Edited at 2017-01-13 08:12 am (UTC)

    1. They were indeed full-length movies – there were 6 of them (hence the serial) of which I’ve only seen the first.
  2. I didn’t know the King thing, and looked too quickly at your explication. But CHRISTIE including IN? I’d say it’s CHRISTIE (Dame involved in crime) ‘withholding’ (well, holding) N (‘number’)
  3. I was amused by the inclusion of the Narnia wardrobe. I’ve used it in the past to describe the link from a digital newspaper to a digital puzzle site. Instead of talking animals and mythical creatures, we have content that can be just as good when it’s two or more years old, and input from the reader as a vital part of consuming that content.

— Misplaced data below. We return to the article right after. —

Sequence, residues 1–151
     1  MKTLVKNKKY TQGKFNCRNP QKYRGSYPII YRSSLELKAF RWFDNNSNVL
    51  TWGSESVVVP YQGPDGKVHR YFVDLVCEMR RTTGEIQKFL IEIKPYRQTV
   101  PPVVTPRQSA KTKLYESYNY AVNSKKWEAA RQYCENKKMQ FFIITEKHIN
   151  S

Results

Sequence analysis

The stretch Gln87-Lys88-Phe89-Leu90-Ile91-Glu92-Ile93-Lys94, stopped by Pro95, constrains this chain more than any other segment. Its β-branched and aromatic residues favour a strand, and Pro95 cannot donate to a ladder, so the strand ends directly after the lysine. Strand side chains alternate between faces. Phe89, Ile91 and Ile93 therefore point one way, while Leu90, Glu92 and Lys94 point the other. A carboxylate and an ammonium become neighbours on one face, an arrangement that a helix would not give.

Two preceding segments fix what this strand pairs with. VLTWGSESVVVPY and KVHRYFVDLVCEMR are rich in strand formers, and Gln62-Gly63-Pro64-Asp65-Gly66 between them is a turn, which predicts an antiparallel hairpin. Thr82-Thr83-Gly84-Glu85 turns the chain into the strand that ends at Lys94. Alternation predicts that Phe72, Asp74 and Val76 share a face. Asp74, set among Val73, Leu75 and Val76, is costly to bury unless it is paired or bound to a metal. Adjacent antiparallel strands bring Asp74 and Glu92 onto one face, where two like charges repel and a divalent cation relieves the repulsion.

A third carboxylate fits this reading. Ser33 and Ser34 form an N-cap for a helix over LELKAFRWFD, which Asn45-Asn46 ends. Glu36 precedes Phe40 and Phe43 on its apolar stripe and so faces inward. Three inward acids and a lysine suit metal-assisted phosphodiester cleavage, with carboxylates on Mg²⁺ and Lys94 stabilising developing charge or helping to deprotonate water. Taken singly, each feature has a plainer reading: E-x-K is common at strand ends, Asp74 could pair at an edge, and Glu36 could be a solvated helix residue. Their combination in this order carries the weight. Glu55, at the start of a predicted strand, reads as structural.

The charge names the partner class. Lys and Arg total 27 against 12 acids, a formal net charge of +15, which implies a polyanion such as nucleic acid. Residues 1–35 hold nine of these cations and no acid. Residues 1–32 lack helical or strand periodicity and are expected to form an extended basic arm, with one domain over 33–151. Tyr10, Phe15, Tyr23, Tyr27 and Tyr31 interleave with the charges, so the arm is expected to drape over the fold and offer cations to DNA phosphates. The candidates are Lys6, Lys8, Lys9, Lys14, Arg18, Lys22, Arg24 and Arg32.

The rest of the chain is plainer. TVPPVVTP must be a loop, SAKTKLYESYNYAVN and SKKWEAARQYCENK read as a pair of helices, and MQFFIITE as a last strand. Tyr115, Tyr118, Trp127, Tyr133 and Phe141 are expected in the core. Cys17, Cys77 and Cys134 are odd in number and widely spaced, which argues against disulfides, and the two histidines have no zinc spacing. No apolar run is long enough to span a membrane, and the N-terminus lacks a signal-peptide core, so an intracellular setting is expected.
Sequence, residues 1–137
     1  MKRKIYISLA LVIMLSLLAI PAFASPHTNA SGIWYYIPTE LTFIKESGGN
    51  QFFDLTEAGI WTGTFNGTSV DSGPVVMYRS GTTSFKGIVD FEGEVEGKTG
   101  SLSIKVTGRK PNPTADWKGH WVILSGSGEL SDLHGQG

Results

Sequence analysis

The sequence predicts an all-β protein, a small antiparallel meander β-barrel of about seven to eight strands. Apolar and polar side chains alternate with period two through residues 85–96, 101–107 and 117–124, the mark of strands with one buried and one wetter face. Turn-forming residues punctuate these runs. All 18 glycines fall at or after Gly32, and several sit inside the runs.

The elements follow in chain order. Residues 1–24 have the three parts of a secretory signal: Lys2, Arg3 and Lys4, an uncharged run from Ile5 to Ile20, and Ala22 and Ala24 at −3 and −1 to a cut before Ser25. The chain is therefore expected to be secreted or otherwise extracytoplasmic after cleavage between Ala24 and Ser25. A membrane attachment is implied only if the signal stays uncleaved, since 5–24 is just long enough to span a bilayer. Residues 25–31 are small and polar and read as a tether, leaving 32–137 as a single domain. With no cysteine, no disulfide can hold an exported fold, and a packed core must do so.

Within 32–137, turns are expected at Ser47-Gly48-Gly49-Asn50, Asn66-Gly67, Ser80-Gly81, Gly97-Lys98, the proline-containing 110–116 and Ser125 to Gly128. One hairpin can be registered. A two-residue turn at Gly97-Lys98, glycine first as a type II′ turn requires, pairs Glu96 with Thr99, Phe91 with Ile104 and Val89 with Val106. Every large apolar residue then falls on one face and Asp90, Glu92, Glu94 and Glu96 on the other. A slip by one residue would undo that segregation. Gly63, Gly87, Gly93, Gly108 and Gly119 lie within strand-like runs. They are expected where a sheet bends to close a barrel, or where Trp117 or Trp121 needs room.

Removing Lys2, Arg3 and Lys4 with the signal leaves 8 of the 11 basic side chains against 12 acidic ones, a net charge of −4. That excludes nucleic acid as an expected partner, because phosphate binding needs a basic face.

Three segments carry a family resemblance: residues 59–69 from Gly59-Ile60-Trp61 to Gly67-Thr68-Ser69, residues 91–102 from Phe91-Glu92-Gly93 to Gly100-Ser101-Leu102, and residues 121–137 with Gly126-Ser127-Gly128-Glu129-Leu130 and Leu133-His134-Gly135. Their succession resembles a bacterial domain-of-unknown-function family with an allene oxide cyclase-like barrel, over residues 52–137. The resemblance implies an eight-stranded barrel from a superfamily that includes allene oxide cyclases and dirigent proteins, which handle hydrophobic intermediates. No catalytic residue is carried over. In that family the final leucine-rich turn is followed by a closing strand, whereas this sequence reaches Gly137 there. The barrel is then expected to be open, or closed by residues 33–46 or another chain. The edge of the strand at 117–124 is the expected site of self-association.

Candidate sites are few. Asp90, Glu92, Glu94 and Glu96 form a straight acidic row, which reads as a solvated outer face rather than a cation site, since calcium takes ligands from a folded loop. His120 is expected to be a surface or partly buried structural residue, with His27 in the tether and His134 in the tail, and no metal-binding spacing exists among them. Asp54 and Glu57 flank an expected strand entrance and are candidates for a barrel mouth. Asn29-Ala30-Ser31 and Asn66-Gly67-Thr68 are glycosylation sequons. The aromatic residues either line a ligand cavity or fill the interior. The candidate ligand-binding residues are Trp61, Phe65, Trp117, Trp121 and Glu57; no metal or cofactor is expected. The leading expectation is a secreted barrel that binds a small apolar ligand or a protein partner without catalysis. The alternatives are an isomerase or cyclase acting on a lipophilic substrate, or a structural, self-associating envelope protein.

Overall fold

4. HERMIONE GRANGER aka Emma Watson is a no no in our house. My daughter shares the same EW name and as a result cannot set up Facebook or Twitter accounts in her own name. She (my one) has met the other one at some gig and moaned! To add to the aggro, when at Bristol Uni, she was paired up in Biology practicals with yet another Emma Watson.

    Edited at 2017-01-13 11:00 pm (UTC)